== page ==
Introduction: Heatless (cold) Toner Transfer for PCB Making
Toner transfer method for making PC boards is very practical and economical. The use of heat for the transferring is not. Large boards expand with heat (more than the laser print) and heat is applied to the top of the toner and not to the bottom contacting the copper layer. Too much heat melts and deforms the toner, too little heat and it won't adhere uniformly. In this Instructable I will describe a very simple technique I've been using for over 15 years. It is very fail-proof and involves the use of only 2 common chemicals : Ethyl Alcohol and Acetone. You can replace the Acetone with Toluene or Xylene, but you will have to experiment with the proportions.
Step 1: Toner Is Inert to Alcohol
Alcohol is volatile but neutral to toner or paper. Its purpose is to dilute the Acetone.
Step 2: Acetone Reacts With Toner
Acetone, (pure, not nail-polish remover) dissolves the toner immediately.
Step 3: The Formula
Experimentally I found the best alcohol-acetone proportion is 8:3 (8 volumes alcohol + 3 volumes Acetone) Acetone will "soften" the toner just enough to make it "sticky" but not dissolve or blur.
Step 4: Storage
You can store the preparation for a very long time but the container must be absolutely airtight. Acetone is much more volatile than Alcohol so exposing to air will degrade acetone concentration. The container should also survive the action of acetone. If plastic, it should be HDPE(high density polyethilene, often used in kitchenware)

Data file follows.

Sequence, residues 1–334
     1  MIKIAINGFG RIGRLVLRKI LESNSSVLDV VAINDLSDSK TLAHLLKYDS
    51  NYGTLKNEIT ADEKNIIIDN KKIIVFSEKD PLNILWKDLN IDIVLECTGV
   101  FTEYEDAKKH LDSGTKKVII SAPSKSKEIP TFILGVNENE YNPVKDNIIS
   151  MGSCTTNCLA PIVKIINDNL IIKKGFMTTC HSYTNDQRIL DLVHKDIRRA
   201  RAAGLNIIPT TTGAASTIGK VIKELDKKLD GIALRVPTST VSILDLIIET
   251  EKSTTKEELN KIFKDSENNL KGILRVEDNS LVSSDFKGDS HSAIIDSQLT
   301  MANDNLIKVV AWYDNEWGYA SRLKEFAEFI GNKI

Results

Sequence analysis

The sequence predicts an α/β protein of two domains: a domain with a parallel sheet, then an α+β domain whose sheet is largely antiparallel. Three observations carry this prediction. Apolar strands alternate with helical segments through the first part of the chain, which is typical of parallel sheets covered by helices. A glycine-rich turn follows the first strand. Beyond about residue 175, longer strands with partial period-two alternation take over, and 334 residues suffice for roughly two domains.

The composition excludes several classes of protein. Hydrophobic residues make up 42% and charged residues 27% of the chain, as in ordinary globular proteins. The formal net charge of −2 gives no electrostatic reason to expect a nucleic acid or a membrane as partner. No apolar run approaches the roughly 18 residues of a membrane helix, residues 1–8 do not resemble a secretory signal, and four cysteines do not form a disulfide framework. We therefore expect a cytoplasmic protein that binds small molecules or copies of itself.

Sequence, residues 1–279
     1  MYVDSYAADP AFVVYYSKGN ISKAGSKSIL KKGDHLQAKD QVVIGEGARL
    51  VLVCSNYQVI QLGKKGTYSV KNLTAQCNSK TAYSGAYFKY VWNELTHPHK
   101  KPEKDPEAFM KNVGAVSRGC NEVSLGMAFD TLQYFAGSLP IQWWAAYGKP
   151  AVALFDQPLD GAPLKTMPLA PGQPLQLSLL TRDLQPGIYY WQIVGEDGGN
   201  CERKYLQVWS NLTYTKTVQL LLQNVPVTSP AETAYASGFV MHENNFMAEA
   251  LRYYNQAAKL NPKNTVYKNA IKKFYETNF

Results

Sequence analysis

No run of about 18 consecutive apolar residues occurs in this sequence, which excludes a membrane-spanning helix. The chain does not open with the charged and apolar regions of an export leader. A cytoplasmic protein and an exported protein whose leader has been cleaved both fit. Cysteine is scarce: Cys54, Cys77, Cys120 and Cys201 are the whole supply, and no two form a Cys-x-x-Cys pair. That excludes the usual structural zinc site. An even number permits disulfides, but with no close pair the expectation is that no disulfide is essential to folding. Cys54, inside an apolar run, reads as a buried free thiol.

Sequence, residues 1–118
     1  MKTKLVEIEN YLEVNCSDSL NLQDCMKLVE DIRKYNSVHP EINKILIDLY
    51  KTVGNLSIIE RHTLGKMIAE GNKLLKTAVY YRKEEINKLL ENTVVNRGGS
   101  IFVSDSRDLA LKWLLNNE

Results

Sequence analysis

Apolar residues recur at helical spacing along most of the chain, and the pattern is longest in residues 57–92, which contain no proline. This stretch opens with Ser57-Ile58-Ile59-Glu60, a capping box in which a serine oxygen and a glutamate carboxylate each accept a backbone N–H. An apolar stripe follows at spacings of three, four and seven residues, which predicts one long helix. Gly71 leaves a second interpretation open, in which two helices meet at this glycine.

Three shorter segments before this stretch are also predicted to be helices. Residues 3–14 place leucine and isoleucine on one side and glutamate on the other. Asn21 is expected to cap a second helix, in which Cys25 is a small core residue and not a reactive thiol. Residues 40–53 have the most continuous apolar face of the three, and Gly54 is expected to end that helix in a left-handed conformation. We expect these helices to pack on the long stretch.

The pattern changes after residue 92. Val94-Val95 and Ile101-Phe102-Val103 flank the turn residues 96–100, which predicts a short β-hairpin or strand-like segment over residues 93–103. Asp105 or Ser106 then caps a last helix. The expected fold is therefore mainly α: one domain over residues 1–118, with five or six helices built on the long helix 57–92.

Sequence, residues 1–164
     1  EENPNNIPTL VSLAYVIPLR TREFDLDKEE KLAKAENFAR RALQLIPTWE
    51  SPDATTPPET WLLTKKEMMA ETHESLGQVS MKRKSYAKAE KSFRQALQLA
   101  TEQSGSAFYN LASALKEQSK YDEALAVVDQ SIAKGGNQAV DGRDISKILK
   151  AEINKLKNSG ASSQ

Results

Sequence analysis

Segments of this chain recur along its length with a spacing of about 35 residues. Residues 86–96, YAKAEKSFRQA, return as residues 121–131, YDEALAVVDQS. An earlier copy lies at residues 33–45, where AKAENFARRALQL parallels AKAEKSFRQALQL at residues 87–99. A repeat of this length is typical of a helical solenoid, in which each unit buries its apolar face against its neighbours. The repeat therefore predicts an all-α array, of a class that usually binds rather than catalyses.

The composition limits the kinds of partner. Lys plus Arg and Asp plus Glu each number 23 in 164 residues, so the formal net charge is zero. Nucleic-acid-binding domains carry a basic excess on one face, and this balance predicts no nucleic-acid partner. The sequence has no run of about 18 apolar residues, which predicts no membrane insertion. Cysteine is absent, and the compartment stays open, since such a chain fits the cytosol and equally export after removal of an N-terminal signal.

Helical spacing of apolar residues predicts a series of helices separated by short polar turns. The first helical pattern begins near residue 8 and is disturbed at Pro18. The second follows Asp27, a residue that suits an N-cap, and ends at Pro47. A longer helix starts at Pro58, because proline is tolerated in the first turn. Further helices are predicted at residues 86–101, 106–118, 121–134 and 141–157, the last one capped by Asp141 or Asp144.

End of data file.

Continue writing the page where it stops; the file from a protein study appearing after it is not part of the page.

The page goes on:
Step 5: Cleaning
This step is the same you would do for any other toner tranfer method.
Step 6: Procedure
Pour the solution on the board (not on the print) and quickly spread to cover all its surface (quick!, acetone is volatilizing). Place the print on the board and center it in place without pushing down. Now press gently down, fully contacting the solution. Wait 5-10 seconds before finally pressing down to adhere to board (only perpendicular pressure). During those seconds, acetone is reacting with the toner rendering it "sticky". Use some kitchen paper to spread pressure evenly and absorb excess liquid. Let dry, and dip in water.
Step 7: Release the Paper
After a few minutes (don't be anxious) peel the paper off starting from a corner. There should not be any toner on the paper. Rinse the board in water to remove any remaining paper particles.
Step 8: Etching
Step 9: Large Boards
For larger boards, I place board and print between two blocks of wood and press together with a C-Clamp. Place a layer or two of kitchen paper between print and wood to distribute pressure and allow for evaporation.